The consensus among property agents at the moment is that prices will stabilise late this year or early next, but, due to the glut of property on the market, it will take considerable time for the market to return to last year’s highs.
As would be the advice in troubled markets the world over, they suggest property buyers seek out better-quality property in areas that are most likely to hold their value.
In the case of the Costa Blanca there are number of good candidates.
Moraira, a pretty town just south of Javea in northern Costa Blanca, has fended off the worst ravages of tourism, possibly because its sole beach is far from the best in this part of the world. The town itself, though, has many charms; and some really good restaurants and bars, and superb beaches can be found in nearby Javea and Denia. Prices of property in Moraira have fallen by as much as 15 per cent, but upmarket developments here are holding their own. Apartments with two bedrooms are currently selling for between €150,000 (£118,000) and €250,000 (£197,000), while villas will fetch between €350,000 (£275,000) and €650,000 (£511,000).
A little further down the coast, towards Benidorm, the town of Altea has fared a little better, with prices of property in Altea feeling a downward tug, but certainly not in freefall.
Altea can genuinely claim to be that awful cliché: a taste of the real Spain – with its Medieval heritage proudly on show in its cobbled streets, its picture-postcard old quarter, and a relaxing palm-lined promenade.
The town is a mere 12 kilometres from central Benidorm, but the pubbers and clubbers of that particular hotspot are unlikely to find what they’re looking for in this laid-back destination. A number of upmarket developments reside here, the most prominent of which is Altea Hills, which has a number of resale properties available, including a harbour-front apartment on the market for €220,000 (£173,000).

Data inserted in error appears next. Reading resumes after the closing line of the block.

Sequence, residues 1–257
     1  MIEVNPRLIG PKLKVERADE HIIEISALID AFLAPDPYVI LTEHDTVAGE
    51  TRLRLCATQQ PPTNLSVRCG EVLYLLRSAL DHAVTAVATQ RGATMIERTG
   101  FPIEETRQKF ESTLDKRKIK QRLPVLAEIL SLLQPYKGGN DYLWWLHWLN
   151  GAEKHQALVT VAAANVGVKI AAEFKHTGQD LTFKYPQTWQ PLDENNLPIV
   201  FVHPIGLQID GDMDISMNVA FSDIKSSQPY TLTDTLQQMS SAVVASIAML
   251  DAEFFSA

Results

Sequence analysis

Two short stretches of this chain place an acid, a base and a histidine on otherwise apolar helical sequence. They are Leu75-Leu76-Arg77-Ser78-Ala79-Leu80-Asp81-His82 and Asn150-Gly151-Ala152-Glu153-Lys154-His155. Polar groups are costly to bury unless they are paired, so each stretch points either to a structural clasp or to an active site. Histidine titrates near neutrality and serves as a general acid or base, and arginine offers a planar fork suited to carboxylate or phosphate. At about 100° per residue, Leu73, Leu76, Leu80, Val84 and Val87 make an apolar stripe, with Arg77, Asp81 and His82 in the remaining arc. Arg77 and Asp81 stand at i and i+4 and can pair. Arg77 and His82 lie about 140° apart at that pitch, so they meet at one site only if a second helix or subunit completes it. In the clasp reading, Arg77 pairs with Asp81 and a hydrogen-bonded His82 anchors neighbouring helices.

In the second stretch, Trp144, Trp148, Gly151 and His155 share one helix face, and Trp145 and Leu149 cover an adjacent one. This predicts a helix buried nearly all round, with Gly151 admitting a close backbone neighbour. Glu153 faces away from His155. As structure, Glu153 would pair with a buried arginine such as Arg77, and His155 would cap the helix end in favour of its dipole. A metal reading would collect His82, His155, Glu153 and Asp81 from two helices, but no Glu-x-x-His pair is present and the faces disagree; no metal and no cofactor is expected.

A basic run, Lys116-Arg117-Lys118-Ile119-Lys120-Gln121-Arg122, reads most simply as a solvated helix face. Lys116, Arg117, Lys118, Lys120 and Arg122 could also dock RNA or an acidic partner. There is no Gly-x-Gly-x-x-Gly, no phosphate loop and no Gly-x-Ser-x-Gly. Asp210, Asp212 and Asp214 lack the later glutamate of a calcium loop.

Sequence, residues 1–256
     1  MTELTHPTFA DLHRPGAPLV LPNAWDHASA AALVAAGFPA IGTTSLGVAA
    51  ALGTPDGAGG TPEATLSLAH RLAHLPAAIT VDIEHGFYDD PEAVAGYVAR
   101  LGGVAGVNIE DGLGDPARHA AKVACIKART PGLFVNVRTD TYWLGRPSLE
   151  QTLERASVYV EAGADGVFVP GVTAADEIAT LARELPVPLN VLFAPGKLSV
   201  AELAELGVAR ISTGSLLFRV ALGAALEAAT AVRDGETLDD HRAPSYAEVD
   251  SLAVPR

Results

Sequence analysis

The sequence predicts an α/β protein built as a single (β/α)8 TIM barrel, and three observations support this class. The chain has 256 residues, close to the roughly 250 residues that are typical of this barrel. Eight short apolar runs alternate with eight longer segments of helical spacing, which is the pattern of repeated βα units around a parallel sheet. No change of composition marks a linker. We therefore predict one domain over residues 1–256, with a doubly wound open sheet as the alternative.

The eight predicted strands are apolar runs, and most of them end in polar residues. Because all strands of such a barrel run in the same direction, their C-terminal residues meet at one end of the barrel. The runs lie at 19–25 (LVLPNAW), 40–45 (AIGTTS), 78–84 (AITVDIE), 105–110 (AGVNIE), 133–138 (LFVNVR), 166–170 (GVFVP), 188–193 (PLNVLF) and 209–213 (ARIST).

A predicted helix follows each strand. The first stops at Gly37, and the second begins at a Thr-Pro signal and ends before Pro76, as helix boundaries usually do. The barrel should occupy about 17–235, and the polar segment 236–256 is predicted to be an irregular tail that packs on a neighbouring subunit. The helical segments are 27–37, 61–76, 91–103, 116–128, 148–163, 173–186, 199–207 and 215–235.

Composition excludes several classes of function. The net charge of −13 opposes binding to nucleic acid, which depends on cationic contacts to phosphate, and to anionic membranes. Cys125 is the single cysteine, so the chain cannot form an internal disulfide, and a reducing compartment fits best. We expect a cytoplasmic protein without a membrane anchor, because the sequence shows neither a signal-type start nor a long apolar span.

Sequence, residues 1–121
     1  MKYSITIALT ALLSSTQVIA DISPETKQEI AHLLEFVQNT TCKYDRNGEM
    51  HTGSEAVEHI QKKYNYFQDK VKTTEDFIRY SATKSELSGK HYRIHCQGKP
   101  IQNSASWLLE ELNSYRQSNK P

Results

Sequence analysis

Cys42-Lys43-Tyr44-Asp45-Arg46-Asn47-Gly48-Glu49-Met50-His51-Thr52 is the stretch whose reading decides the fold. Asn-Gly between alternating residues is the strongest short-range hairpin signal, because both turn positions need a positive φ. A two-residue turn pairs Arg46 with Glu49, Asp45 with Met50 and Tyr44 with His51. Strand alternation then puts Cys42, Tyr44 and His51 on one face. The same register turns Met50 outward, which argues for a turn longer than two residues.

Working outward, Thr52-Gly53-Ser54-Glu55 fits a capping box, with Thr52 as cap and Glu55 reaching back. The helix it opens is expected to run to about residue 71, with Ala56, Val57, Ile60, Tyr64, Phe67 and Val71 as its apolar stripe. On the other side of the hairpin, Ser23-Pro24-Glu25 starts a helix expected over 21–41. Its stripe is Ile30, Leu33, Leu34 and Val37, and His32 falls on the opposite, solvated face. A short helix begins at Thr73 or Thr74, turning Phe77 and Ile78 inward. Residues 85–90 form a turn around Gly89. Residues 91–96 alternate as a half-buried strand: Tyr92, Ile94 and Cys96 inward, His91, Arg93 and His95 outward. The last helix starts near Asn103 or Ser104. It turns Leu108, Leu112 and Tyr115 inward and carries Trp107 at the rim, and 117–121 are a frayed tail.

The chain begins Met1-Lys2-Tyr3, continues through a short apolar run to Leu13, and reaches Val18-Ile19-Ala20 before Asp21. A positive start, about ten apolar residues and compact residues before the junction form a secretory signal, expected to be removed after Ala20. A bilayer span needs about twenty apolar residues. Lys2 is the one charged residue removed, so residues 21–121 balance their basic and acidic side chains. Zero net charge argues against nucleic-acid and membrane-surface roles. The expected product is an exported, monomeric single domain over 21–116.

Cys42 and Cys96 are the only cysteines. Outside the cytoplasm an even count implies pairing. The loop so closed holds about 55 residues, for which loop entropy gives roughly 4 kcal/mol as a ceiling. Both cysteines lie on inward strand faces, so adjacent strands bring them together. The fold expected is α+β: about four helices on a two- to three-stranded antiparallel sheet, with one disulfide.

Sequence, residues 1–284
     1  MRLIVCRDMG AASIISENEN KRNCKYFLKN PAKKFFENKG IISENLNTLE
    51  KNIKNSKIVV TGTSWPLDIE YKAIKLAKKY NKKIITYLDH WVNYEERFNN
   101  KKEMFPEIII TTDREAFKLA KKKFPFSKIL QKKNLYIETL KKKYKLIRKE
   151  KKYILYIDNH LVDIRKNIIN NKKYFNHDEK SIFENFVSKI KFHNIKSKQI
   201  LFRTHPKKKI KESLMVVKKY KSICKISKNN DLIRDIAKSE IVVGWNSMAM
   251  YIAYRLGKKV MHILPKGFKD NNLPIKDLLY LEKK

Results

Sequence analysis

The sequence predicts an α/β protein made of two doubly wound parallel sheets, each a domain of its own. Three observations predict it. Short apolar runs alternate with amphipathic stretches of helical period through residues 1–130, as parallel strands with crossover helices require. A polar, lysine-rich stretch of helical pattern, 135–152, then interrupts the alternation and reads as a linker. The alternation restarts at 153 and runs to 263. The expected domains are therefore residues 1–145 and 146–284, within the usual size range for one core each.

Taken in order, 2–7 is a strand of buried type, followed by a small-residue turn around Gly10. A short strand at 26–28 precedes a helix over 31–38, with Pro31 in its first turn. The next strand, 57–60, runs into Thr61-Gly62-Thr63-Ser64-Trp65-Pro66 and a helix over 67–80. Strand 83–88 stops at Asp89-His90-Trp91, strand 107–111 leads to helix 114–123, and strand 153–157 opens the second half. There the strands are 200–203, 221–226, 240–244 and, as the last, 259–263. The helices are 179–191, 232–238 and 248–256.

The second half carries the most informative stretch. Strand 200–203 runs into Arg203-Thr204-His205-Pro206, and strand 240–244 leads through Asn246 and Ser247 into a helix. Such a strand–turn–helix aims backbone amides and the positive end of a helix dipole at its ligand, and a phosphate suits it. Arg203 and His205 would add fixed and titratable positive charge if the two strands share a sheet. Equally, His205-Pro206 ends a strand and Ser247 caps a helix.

Much further south – and a world away from genteel Altea – lies Torrevieja, which has been rolling out the Watney’s Red Barrel for donkey’s years. Fun-loving Brits have always adored this town, which has some excellent beaches (Blue Flag, no less), as well as a wonderful micro-climate (apparently partly due to the nearby salt lakes), which draws sufferers of all manner of aches and pains from across Europe.
Having said that, the town has already suffered a 15 per cent loss in its average property price, but there is a consensus that this short, sharp shock may help Torrevieja to bounce back rather more quickly than other parts of Spain. Currently, well-positioned, two-bedroom apartments in Torrevieja are selling for around €250,000 (£197,000), while villas are averaging around €500,000 (£393,000).
Elche, some 25 kilometres from the coast but only 12 kilometres from Alicante airport, is perhaps not as well known as it should be to the Costa Blanca fraternity. It boasts the largest palm grove in Europe, which gives it a refreshing North African feel, yet its sizeable centre offers all the comforts and activities of a major western European city, including an English school. It’s another Costa Blanca city with heaps of historical interest, and the surrounding countryside is stunning.
For this reason – and the fact that the average prices for property in Elche rose by more than ten per cent last year – it could be a great wildcard for Brits looking for some value-for-money resale property, especially if they’re in the market for a cortijo (country house) or finca (farmhouse).
Right now, the market for Costa Blanca property is reeling from one body blow after another, and this must result in a continued reluctance among British property buyers to take the property plunge there. It will recover, of course, and whether it’s this year, or next, or beyond, the Spanish costas will remain the number one choice for British holidaymakers – and holiday-home buyers – for many years to come.
First published in October 2008.
Some information contained within this article may have changed since it was first published. Homes Overseas strongly advises you to seek current legal and financial advise from a qualified professional.